Thanks for subscribing, guys! I hope your month is especially fulfilling. :)

All the best,

--Jodi

Sponsor Message:
(Many thanks to the sponsors that help support this newsletter!)

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Music Reviews: Cyrus Rhodes & Don Sechelski

NEW MUSIC REVIEWS SINCE LAST MONTH INCLUDE:

Cyrus Rhodes:

* The Diemakers
* Gatsby's Green Light
*
Rick Devin
* Steve Ryan

Don Sechelski:

* Peadboy
* Tortoise and Hair

Click here for bios on each of the reviewers. If you're considering sending in your own CD for review, you can also view that page to find out which reviewer reviews your genre. Thanks!

Artist Spotlights:

Great music is only a click away!
Here is a selection of the great artists and bands highlighted
in the Artist Spotlight section of The Muse's Muse.

-----------------------------------------------------------------

Raina Krangle - Genre: SINGER/SONGWRITER

A singer-songwriter for over 20 years, Raina is a self-taught musician with a fresh folk-rock vibe. The CD is a compilation of her songs over the last 20 years. Raina has heartfelt lyrics and a soulful voice that soothes your ears and makes you want to keep listening. You can read Cyrus Rhodes' review of her album here.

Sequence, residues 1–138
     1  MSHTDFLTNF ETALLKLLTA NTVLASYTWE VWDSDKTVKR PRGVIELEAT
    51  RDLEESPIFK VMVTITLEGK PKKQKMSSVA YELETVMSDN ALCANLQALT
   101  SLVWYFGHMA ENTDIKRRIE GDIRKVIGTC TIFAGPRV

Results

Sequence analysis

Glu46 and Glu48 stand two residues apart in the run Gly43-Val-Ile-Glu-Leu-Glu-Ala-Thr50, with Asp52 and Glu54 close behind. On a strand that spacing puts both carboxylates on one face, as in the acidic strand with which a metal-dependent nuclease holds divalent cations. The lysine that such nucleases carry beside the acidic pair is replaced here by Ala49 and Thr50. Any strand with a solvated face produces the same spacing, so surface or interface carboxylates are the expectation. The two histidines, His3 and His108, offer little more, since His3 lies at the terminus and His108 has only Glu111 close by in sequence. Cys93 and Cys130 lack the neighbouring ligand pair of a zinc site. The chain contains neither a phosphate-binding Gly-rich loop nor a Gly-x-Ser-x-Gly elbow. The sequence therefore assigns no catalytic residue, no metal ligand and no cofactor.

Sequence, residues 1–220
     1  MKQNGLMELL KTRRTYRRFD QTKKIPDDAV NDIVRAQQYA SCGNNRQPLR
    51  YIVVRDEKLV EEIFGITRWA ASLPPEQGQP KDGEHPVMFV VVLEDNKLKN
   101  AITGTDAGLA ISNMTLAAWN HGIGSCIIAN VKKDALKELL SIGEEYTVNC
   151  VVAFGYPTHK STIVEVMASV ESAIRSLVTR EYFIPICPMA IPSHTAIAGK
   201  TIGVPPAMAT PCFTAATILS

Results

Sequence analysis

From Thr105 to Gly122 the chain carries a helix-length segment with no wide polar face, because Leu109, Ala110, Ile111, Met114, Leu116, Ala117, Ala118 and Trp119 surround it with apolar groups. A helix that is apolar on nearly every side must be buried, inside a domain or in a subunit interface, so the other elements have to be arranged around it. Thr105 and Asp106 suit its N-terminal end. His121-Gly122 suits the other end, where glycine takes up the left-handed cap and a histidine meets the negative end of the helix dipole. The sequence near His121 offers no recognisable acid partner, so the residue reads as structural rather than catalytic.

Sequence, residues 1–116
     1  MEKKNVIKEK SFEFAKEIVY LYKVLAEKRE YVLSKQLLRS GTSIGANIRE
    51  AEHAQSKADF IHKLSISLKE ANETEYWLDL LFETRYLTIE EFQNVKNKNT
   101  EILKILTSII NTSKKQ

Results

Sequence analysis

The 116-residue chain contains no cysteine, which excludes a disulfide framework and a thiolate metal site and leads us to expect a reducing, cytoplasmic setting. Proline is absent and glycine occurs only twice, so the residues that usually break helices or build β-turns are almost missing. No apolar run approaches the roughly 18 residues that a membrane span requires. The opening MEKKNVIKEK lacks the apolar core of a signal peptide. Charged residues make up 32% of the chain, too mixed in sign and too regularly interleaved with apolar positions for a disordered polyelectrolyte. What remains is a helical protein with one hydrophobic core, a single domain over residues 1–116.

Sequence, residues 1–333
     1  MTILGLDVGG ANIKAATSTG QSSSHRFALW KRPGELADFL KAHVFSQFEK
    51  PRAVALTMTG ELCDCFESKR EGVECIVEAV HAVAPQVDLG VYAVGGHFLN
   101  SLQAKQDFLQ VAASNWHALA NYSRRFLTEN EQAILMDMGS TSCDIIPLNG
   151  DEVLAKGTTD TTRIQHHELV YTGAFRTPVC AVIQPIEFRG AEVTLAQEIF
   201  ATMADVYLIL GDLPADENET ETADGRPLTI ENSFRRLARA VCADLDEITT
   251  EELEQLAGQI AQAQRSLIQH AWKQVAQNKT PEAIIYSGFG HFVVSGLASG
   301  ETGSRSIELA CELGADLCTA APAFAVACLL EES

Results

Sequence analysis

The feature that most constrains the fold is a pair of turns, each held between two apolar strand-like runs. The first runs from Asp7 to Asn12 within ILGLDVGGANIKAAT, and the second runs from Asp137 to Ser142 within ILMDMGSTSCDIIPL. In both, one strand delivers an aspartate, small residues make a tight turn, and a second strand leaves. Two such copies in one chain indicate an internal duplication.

Editor's Note: And yes, this is my sister. :) It's a great CD!

Songwriting Book Review By: John Thomas


Your Band Is A Virus

by James Moore

http://www.independentmusicpromotions.com/your-band-is-a-virus-book/

I appreciate a book that starts out with honesty. No fluff. No nonsense. Just a straight shot to
the gut.

And this book is honest. Radically so.

Don’t believe me?

How about these to start:

On work:

     …[Y]ou can bet there will be work. Let’s be realistic. If you’re not enthused about
working hard to expose your music to more people, no one else will be. You may as well stay in your room and play your acoustic if you’re not willing to log the hours, because otherwise, you are
confusing a hobby with a profession, and in the process creating unnecessary conflict in yourself
and in the world. This is important to understand. The difference between a hobby and a profession is simply where the effort and intent is directed.